7. Read packet information to find out whether the seed should be covered with soil. Some require covering and others do not, and it will affect the germination of the seeds. If the seeds require covering, cover with a fine sprinkling of DRY seed starting mix, then press firmly so soil makes good contact with seed.
8. Lightly mist rows of seeds, both covered and uncovered.
9. Label variety of seeds on outside of tray.
10. Place a well fitted cover over the tray, or place tray in a clear plastic bag and seal. Place in a warm area (not in direct sunlight) to germinate, unless your packet directions specify otherwise. I place mine on a shelf with a florescent shop light above it; the lights give off a little warmth that speeds germination. I use one cool florescent lamp and one warm florescent lamp, I read once that using both will benefit the seedlings.
Most seeds require about 70 degrees to germinate, and every seed variety has a different time length to germinate. I try to plant seeds together that need the same germination temperature and have the same length of germination time.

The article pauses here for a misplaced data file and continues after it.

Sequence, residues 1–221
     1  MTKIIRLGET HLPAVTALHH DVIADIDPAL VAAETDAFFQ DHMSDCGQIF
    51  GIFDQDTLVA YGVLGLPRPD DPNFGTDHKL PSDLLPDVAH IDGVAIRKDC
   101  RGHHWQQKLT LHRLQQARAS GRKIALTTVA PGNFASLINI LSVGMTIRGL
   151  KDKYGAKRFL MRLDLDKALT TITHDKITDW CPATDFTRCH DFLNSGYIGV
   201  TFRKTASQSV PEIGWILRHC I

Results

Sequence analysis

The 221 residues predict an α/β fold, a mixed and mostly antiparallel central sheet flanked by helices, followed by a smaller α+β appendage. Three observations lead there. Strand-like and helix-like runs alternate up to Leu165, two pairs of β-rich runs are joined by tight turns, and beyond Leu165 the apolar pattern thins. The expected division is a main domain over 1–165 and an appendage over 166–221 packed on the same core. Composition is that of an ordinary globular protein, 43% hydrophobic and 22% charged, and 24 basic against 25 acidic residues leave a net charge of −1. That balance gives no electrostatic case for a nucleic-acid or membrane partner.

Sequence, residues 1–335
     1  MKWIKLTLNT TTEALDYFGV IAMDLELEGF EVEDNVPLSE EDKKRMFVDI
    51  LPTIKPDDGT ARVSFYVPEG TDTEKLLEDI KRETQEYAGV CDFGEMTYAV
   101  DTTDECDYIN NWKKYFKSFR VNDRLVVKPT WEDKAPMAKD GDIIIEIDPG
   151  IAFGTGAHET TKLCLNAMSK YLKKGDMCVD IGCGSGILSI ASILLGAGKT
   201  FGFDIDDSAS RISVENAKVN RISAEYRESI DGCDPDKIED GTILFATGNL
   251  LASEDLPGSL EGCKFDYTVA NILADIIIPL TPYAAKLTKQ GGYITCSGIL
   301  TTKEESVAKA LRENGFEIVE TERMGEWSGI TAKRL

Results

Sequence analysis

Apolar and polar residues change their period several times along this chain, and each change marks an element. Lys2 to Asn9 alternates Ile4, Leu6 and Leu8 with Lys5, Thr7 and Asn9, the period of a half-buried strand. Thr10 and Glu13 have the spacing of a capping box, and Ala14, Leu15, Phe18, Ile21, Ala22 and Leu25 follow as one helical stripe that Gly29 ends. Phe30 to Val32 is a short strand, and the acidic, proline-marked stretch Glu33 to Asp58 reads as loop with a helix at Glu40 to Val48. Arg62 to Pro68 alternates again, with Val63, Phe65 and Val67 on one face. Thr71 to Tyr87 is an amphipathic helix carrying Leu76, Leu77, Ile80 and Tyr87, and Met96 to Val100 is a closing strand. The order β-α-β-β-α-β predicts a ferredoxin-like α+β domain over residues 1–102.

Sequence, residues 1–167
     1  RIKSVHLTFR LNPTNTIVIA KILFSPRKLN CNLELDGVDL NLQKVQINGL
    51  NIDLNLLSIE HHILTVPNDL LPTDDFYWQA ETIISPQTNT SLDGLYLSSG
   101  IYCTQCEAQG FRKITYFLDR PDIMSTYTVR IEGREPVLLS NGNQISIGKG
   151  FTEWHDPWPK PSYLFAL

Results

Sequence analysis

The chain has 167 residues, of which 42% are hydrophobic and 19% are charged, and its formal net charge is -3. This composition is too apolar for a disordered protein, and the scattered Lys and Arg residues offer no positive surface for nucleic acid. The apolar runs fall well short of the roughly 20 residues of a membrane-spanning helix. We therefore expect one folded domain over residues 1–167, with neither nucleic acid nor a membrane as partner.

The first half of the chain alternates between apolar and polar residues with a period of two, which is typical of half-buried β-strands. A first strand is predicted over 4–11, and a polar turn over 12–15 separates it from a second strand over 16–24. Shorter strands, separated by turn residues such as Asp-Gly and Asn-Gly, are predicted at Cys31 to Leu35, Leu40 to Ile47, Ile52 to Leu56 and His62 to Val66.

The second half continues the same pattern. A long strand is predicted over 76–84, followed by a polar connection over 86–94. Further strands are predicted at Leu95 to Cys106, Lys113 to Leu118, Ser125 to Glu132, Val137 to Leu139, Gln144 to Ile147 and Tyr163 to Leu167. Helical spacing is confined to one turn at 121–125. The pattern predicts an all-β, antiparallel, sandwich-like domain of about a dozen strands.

11. Monitor for moisture; you should be able to see moisture on the cover and the soil should appear damp. If watering is needed, always water from the bottom, and don’t over water to prevent damping off disease.
12. Remove cover when most of seeds have sprouted. If growing under lights (florescent shop lights will work fine, no need to invest in expensive grow lights), keep the lights just a few inches above the seedlings, this will produce stockier plants. Set a timer to deliver at least 12 hours of light per day. If growing on in a window, choose a bright window that receives a lot of daylight. Monitor daily for moisture. Transplant when seedlings have 2 or more true leaves to individual pots.
April 5, 2009
I came across this interesting video highlighting a growing season at a CSA (Community Supported Agriculture). Richard Hoffman, a filmmaker, compiled this video from 20,000 still photo images he took recording his journey from a passive observer to an active participant with his local CSA. It is a beautiful story of Richard and his family reconnecting with the land, their food, and their community.
Watch Fridays at the Farm here.
March 25, 2009
Winter sowing is a fairly new method of seed starting for seeds that require a cold period to germinate, such as Delphinium or Aquilegia (Columbine). This method can be done in January, February and March. Click here for a seed list of plants that should work well for winter sowing.
Clean, used plastic gallon milk containers, or bakery clam shells
Potting soil or Seed starting mix
Clear Duct tape
1. If using a milk jug, cut it in half, leaving one inch uncut right below the handle for a ‘hinge’. Cut several slits in the bottom for drainage. Discard cap off top of jug.
2. Add water to dampen your potting soil; moist enough that when you squeeze a handful it will clump together.